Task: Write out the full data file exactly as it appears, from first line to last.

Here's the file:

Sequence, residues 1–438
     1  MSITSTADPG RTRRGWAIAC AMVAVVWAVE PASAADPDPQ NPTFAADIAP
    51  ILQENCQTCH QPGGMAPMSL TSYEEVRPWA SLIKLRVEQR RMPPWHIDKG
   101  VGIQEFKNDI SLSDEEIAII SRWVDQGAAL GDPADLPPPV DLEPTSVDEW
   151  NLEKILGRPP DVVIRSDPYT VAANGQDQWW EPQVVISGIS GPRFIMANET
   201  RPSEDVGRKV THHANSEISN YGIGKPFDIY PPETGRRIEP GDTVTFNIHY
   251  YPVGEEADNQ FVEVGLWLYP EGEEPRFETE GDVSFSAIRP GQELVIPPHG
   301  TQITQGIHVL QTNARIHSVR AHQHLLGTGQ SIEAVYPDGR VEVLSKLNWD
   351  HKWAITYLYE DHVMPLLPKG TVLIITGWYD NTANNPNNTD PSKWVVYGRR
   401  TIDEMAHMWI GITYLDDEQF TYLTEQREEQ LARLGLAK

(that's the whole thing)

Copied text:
Sequence, residues 1–438
     1  MSITSTADPG RTRRGWAIAC AMVAVVWAVE PASAADPDPQ NPTFAADIAP
    51  ILQENCQTCH QPGGMAPMSL TSYEEVRPWA SLIKLRVEQR RMPPWHIDKG
   101  VGIQEFKNDI SLSDEEIAII SRWVDQGAAL GDPADLPPPV DLEPTSVDEW
   151  NLEKILGRPP DVVIRSDPYT VAANGQDQWW EPQVVISGIS GPRFIMANET
   201  RPSEDVGRKV THHANSEISN YGIGKPFDIY PPETGRRIEP GDTVTFNIHY
   251  YPVGEEADNQ FVEVGLWLYP EGEEPRFETE GDVSFSAIRP GQELVIPPHG
   301  TQITQGIHVL QTNARIHSVR AHQHLLGTGQ SIEAVYPDGR VEVLSKLNWD
   351  HKWAITYLYE DHVMPLLPKG TVLIITGWYD NTANNPNNTD PSKWVVYGRR
   401  TIDEMAHMWI GITYLDDEQF TYLTEQREEQ LARLGLAK